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Past and Present: The (In)Visibility of Black Lower Level Faculty

EBONY at Harvard

The Barker Center houses a host of departments, including African and African American Studies.
The Barker Center houses a host of departments, including African and African American Studies. By Kai R. McNamee
By Ebony M. Smith, Crimson Opinion Writer
Ebony M. Smith ’24 is a Government and African & African American Studies Concentrator living in Eliot House. Her column “EBONY at Harvard” runs biweekly on Mondays.

The African and African American Studies Department was born out of trouble. Good trouble.

On April 10, 1968, the Harvard-Radcliffe Association for African and Afro-American Students, or AFRO, initiated a watershed moment in the history of Harvard University by publishing a monumental list of demands:

“Establish an endowed chair for a Black Professor.”

“Establish courses relevant to Blacks at Harvard.”

“Establish more lower level Black Faculty members.”

“Admit a number of Black students proportionate to our percentage of the population as a whole.”

Though they have not all been met, each of these demands is important as they ultimately laid the foundation for the first version of the African and African American Studies Department.

In 2023, our flourishing department consists of some of the best professors and scholars in the country; there is a wide range of courses offered in the African and African American Studies Department, many of which are interdisciplinary.

In short, I wouldn’t be getting the degree I have such a passion for without this history.

Still, one question remains unanswered and rarely discussed. Where are the lower level Black faculty members?

According to the 2023 Faculty Development and Diversity report, out of the 581 total tenured faculty members in the Faculty of Arts and Sciences, only 6 percent of them identify as Black or African-American. Meanwhile, out of the 142 tenure-track faculty, merely 8 percent of them identify as Black or African-American. The numbers dwindle when gender and race intersect. Meanwhile, in the 2020-2021 academic year, only 5 percent of non-ladder faculty identified as Black or African-American.

These figures indicate little difference in the representation of Black or African-American scholars between tenured faculty, tenure-track faculty, and non-ladder faculty. However, the burden of constituting such a small percentage of overall faculty falls the hardest on non-ladder faculty, who lack the most resources and stability out of all groups despite doing so much heavy lifting at the University more broadly.

As a current senior at the College, I’ve been taught by very few non-tenured, non-tenure track Black faculty members. These non-ladder faculty members are often balancing temporary appointments, little job security, and great responsibility to students.

Teaching staff are often not only responsible for grading assignments, but also for leading sections, hosting office hours, and providing the one-on-one communication that is more difficult to find with tenured faculty members. On top of being the most accessible resource in classrooms, teaching staff are pursuing their own research and seeking tenured mentors to assist them. Their unique positionality in the classroom should be celebrated. Not only does their proximity to students make them one of the most visible resources to Harvard students, but it serves as symbolic representation for those to come.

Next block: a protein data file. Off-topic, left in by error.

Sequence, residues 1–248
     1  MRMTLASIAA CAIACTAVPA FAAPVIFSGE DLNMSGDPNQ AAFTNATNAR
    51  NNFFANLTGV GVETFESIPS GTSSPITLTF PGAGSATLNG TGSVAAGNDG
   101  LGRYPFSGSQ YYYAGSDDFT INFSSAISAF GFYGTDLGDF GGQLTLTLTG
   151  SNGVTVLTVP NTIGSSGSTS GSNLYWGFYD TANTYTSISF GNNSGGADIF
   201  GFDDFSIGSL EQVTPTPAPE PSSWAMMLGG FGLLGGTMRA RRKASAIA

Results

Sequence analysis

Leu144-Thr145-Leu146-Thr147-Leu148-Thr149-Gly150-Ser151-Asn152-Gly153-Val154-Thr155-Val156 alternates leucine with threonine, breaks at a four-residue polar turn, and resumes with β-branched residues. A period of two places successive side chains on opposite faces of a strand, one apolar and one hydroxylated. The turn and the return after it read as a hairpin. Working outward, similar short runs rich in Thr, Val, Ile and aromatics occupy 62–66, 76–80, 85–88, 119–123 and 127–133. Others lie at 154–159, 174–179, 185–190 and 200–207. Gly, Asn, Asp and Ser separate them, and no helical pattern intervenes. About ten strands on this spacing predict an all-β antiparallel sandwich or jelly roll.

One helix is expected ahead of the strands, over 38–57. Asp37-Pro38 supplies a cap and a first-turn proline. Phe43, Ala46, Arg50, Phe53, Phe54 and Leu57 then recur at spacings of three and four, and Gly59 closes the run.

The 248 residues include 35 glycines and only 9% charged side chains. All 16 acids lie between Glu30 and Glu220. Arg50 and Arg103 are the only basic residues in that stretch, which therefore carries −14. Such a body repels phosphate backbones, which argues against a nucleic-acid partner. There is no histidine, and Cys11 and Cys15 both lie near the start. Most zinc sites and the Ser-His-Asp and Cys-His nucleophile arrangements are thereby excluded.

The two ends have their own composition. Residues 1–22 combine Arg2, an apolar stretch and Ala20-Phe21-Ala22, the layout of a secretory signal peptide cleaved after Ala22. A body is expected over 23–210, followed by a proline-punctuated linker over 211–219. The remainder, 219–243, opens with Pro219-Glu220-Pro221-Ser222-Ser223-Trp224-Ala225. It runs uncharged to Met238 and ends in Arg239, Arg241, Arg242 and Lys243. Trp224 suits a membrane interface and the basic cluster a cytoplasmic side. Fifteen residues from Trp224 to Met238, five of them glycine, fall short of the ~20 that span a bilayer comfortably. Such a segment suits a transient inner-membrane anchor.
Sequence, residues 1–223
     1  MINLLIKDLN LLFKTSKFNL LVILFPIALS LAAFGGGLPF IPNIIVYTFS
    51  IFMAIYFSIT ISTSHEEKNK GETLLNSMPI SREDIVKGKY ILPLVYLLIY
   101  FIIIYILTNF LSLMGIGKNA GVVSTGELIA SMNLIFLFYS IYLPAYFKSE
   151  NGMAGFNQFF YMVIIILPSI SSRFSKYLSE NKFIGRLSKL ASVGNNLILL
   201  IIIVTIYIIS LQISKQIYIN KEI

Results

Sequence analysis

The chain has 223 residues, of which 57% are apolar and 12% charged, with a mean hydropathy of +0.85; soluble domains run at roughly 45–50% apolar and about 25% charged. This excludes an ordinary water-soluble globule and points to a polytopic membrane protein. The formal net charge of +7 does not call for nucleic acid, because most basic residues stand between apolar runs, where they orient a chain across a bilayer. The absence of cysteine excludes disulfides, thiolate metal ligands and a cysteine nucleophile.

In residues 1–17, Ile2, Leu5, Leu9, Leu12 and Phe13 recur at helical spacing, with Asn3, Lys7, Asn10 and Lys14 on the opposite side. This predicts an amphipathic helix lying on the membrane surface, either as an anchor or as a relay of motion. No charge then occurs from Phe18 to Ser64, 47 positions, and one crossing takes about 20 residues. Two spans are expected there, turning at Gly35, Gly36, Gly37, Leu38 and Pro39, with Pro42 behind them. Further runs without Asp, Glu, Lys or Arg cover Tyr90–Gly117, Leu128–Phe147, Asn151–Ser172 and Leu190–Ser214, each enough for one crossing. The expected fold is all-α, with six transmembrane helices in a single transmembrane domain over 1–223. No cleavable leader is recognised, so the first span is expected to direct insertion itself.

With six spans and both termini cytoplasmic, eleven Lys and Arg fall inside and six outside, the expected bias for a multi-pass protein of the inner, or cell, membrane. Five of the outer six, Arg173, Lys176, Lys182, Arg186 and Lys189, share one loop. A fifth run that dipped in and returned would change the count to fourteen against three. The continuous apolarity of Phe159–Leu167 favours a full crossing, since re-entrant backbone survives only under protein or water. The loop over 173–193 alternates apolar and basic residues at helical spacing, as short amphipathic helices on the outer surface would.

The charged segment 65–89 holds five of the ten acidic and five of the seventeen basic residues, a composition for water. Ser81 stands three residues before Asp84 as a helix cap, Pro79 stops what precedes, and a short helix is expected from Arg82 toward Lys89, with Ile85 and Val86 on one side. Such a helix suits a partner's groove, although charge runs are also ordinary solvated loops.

We must question why lower-level Black faculty members remain so sparse in numbers at the University, because it points to a troubling stereotype.

It suggests that every faculty member of color must be at the top of their field. In reality, though, Harvard should be providing resources to lower level faculty so that they can confidently conduct research. They should be allowed to academically grow while at Harvard, and receive proper mentorship and attention.

Harvard must strike a balance between hiring extraordinary scholars and professors — those who have broken the glass ceiling in their fields — and hiring lower level Black faculty who are just entering academia, but have so much to offer. The relative success of AFRO’s original demands and the current African and African American Studies Department can serve as the blueprint for Harvard’s next steps.

While we should absolutely continue to push for more tenured Black faculty, we must also advocate for a parallel system that highlights the accomplishments and value of Black non-ladder faculty members. The 1968 cohort of AFRO made no mistake when they demanded more Black representation at the University. If we are to truly honor the demands of AFRO, we cannot be afraid to critique the hierarchical structure of academia, and the ways it has harmed Black scholars and professionals.

Ebony M. Smith ’24 is a Government and African & African American Studies Concentrator living in Eliot House. Her column “EBONY at Harvard” runs biweekly on Mondays.


Editor’s Note: We have decided to turn off comments on “EBONY at Harvard” due to concerns raised by the writer over targeted racialized comments left on her past work or similar pieces.

— Eleanor V. Wikstrom ’24, Editorial Chair

— Christina M. Xiao ’24, Editorial Chair

— Cara J. Chang ’24, President

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